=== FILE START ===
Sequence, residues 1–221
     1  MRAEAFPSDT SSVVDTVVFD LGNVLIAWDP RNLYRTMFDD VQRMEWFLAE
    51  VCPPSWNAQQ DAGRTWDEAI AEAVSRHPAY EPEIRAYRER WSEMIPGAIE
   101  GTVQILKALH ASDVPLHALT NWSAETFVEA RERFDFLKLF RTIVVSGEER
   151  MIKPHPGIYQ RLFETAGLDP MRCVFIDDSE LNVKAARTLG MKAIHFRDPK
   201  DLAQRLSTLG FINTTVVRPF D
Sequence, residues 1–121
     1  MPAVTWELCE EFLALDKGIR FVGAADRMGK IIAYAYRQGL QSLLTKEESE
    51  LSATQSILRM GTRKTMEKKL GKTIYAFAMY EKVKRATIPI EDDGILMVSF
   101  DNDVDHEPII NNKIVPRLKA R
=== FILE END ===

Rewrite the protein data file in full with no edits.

Sequence, residues 1–221
     1  MRAEAFPSDT SSVVDTVVFD LGNVLIAWDP RNLYRTMFDD VQRMEWFLAE
    51  VCPPSWNAQQ DAGRTWDEAI AEAVSRHPAY EPEIRAYRER WSEMIPGAIE
   101  GTVQILKALH ASDVPLHALT NWSAETFVEA RERFDFLKLF RTIVVSGEER
   151  MIKPHPGIYQ RLFETAGLDP MRCVFIDDSE LNVKAARTLG MKAIHFRDPK
   201  DLAQRLSTLG FINTTVVRPF D
Sequence, residues 1–121
     1  MPAVTWELCE EFLALDKGIR FVGAADRMGK IIAYAYRQGL QSLLTKEESE
    51  LSATQSILRM GTRKTMEKKL GKTIYAFAMY EKVKRATIPI EDDGILMVSF
   101  DNDVDHEPII NNKIVPRLKA R